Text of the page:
Sometimes, elections come with drama. Punditry, debates, commercials, and yard signs surround us and (if we let them) occupy our hours and minds.
This campaign-driven drama can lead to an anti-climactic feeling in the actual moments just before voting. No matter how enthusiastic I might be about an election, waiting in line to get my ballot feels a little like prepping a room before painting the walls: necessary, but uninspiring.
The actual voting moment, however, never fails to make me emotional.
Where I live, we use electronic ballots. Each selection I make on the screen feels like a cheer, an internal celebration of my values, my opinions, my hopes and dreams.
By the Are these your final selections? confirmation question that is the last step on the voting machine, I have tears in my eyes. I blink them away as I walk to the ballot collection machine and (if they are offering them) accept my I voted sticker.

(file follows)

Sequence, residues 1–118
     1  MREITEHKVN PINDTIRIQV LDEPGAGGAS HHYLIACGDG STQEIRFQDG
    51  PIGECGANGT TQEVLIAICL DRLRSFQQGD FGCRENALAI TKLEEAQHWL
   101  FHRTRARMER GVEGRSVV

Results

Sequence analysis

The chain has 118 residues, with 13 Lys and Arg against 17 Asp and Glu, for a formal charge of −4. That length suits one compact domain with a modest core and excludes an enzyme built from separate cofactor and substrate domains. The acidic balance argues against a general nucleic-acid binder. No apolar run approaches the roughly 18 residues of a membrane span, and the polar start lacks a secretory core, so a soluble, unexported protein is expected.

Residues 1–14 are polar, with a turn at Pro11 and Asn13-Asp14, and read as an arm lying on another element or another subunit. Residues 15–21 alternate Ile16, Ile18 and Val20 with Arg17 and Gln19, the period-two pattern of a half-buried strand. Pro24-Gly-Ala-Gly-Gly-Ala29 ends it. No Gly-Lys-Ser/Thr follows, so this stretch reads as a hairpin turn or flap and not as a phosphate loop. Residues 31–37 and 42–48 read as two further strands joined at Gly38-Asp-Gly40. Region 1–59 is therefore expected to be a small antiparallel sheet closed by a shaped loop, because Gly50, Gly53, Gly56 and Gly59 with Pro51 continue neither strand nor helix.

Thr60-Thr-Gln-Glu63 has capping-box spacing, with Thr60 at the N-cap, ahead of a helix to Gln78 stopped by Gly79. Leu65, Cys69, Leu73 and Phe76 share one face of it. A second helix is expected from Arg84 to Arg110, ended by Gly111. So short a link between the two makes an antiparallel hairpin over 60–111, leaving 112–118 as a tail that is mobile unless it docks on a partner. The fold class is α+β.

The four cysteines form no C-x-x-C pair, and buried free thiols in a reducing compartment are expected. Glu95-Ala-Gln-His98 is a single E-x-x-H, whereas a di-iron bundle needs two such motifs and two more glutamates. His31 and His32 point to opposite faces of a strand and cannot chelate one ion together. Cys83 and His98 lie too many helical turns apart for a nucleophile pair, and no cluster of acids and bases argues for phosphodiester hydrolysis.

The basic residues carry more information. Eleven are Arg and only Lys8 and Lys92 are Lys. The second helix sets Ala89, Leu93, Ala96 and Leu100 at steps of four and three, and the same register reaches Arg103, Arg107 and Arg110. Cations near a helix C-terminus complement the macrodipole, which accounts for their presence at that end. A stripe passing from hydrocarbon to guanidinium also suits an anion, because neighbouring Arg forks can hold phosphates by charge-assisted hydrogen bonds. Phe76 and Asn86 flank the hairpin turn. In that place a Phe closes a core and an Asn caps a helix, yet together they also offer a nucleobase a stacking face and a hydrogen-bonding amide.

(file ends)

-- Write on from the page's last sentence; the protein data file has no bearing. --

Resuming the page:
Perhaps that seems silly. Perhaps, to some, that makes me ridiculous.
I don’t care. I won’t apologize, or duck my head to hide the tears. I won’t allow myself to feel embarrassed or less than because I bring my emotions into the polling booth. I hope I always react this way, feel like this.
It wasn’t so long ago that brave, determined people fought to make sure that I could vote. There are still battles happening today, efforts to ensure that people can be heard. Sometimes, I feel like those who paved the way, who put everything on the line (and are still doing so now) are voting with me, standing by my side or crowded behind me, cheering along.
I will never be a world leader, never discover a cure for disease or make life-altering judicial decisions. I’ll never fly a spacecraft or make a news-breaking scientific discovery. When I vote, however, as I did yesterday, I become part of the historical record.
It’s a tiny role, for sure, like a background character in a live, on-stage performance. But imagine if the tiny roles didn’t exist. You’d be left with a half-complete story, one lacking heart and soul, warmth and energy. You’d be missing the context and meaning that can only exist when many are present, many are part.
I’m proud and grateful for what I am able to contribute.
Here’s to the emotional experience of voting and the celebration of all it represents.